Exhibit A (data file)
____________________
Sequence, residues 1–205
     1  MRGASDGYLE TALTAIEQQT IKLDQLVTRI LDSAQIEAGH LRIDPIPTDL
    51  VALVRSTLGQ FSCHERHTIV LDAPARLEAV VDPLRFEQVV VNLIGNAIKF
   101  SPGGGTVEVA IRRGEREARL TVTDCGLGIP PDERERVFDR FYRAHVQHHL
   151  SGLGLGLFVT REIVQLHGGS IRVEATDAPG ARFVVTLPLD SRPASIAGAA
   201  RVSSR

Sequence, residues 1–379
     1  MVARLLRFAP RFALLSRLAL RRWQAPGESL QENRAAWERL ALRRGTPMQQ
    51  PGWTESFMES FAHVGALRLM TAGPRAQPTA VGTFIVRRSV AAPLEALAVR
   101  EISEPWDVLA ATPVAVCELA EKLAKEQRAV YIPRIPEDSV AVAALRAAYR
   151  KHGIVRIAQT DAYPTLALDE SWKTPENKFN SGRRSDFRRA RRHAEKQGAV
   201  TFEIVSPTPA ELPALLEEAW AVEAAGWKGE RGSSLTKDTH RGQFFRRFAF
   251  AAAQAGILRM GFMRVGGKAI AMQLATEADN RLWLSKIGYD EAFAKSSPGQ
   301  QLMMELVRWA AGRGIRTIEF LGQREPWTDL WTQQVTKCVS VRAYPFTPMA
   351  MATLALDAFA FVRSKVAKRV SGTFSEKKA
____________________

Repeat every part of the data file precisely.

Sequence, residues 1–205
     1  MRGASDGYLE TALTAIEQQT IKLDQLVTRI LDSAQIEAGH LRIDPIPTDL
    51  VALVRSTLGQ FSCHERHTIV LDAPARLEAV VDPLRFEQVV VNLIGNAIKF
   101  SPGGGTVEVA IRRGEREARL TVTDCGLGIP PDERERVFDR FYRAHVQHHL
   151  SGLGLGLFVT REIVQLHGGS IRVEATDAPG ARFVVTLPLD SRPASIAGAA
   201  RVSSR

Sequence, residues 1–379
     1  MVARLLRFAP RFALLSRLAL RRWQAPGESL QENRAAWERL ALRRGTPMQQ
    51  PGWTESFMES FAHVGALRLM TAGPRAQPTA VGTFIVRRSV AAPLEALAVR
   101  EISEPWDVLA ATPVAVCELA EKLAKEQRAV YIPRIPEDSV AVAALRAAYR
   151  KHGIVRIAQT DAYPTLALDE SWKTPENKFN SGRRSDFRRA RRHAEKQGAV
   201  TFEIVSPTPA ELPALLEEAW AVEAAGWKGE RGSSLTKDTH RGQFFRRFAF
   251  AAAQAGILRM GFMRVGGKAI AMQLATEADN RLWLSKIGYD EAFAKSSPGQ
   301  QLMMELVRWA AGRGIRTIEF LGQREPWTDL WTQQVTKCVS VRAYPFTPMA
   351  MATLALDAFA FVRSKVAKRV SGTFSEKKA